Save My Sanity: New studies raise cell phone/cancer concerns
On Sept. 9, advocacy organization Environmental Working Group released an analysis of more than 200 scientific studies that examined cell-phone usage and health risks. "It suggests a potential for serious health concerns," says Olga Naidenko, a senior scientist at the Washington group. "We [at EWG] are still using cell phones; we are just taking precautions."
Another advocacy outfit, International EMF Collaborative, released a paper on Aug. 25 entitled "Cellphones Cause Tumors." After assessing the results and methodology of industry-funded and independent studies, it concluded that "studies, independent of industry, consistently show there is a 'significant' risk of brain tumors from cellphone use."
I keep going back and forth on this one, but not because I've ever really felt comfortable that cell phones don't cause cancer.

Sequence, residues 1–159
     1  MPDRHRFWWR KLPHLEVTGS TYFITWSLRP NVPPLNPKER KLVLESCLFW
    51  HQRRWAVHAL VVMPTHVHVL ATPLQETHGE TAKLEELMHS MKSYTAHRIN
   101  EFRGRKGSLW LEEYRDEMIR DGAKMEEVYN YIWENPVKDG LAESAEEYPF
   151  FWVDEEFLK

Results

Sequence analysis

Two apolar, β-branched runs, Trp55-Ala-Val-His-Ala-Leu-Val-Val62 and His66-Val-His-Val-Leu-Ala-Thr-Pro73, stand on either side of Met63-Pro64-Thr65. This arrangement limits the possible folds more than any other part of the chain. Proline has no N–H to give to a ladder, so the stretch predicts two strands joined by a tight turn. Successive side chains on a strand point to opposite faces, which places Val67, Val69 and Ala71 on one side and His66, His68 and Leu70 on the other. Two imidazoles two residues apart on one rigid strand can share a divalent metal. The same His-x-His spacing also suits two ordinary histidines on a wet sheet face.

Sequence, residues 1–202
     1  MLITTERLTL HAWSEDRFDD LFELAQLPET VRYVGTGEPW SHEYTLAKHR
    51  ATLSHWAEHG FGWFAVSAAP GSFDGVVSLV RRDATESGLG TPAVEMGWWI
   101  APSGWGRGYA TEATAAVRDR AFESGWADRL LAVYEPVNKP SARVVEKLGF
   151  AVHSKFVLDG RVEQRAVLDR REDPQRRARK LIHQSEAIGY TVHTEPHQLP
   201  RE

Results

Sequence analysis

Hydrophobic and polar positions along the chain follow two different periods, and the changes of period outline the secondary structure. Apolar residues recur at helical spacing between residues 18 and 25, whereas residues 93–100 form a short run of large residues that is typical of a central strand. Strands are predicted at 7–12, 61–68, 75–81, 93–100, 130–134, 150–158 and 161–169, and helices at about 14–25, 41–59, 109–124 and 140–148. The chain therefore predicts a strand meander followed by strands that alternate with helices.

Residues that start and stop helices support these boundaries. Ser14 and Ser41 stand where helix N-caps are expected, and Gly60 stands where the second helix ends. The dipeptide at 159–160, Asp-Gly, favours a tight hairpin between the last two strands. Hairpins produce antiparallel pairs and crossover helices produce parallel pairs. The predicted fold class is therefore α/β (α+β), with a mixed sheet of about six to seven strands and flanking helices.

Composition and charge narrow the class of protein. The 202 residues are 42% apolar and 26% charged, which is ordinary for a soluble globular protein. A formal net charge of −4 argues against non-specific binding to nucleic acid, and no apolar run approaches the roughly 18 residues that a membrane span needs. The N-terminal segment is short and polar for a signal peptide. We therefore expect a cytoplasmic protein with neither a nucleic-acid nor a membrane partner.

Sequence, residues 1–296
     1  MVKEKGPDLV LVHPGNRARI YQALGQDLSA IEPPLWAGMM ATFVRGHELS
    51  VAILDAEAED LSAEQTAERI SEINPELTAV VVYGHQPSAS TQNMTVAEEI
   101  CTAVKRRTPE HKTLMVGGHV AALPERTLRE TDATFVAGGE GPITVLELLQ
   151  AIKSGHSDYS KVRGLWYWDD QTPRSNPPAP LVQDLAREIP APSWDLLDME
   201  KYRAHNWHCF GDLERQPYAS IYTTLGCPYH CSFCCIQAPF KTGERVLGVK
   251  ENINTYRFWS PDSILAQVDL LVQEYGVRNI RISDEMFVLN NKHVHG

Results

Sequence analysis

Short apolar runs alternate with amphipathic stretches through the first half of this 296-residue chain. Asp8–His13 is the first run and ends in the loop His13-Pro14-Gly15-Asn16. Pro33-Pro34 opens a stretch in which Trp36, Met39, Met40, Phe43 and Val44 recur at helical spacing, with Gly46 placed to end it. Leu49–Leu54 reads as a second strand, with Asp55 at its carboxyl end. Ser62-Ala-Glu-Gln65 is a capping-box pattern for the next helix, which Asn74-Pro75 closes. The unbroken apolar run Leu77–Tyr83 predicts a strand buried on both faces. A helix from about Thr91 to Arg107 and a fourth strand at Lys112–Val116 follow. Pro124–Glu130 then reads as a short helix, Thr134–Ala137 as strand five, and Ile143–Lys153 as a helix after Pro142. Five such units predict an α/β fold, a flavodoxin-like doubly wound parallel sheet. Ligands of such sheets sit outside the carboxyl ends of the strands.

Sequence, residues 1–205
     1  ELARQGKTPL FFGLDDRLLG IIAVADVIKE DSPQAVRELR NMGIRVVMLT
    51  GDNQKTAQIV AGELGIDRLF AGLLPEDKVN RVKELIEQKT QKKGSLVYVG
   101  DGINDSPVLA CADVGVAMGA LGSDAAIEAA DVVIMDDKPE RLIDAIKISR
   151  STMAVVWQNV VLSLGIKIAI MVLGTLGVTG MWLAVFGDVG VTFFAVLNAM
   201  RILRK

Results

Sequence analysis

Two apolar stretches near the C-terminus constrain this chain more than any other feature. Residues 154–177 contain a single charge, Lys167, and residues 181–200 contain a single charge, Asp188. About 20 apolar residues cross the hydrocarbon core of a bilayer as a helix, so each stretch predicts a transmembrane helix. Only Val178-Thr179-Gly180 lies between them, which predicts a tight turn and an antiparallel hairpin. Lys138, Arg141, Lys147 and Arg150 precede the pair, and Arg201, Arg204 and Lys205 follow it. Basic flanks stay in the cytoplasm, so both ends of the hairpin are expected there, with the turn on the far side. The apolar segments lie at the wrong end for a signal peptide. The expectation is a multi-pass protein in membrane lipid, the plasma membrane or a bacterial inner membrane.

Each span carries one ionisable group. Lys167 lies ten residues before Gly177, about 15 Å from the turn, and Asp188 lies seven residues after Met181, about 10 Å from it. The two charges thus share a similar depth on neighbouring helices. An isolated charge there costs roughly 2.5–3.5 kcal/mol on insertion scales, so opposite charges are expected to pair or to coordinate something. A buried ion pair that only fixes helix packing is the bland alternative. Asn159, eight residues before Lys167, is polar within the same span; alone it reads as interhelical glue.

It's more like I read about a new study (which invariably calls cell phone safety into question), and then I get worried and start using my wired headset for awhile. After a few weeks, I get annoyed at the inconvenience of untangling the wire, and I stop using the headset. Then I read another worrisome story, and the process repeats.
Recently I got a new phone, and after consulting some online resources, I thought I was getting one that was fairly low on radiation, so I stopped using my earbud again. But I now see on EWG's comprehensive database of cell phones and their radiation emissions that my phone is only average.
EWG recommends always using a headset, either wired or wireless — they say studies and experts disagree on which is safer.
I have shied away from getting a wireless headset because I felt the wired version was safer. But now I'm realizing that if having a wireless headset would mean I'd actually use it, then that would be an improvement.
Your turn: Do you use a headset, and if so, what kind?
Jen Eyer is on the Community Team at AnnArbor.com. She can be reached at 734-623-2577 or email@example.com, or you can visit her at 301 East Liberty. "Save My Sanity" is an occasional feature looking at "scare" stories.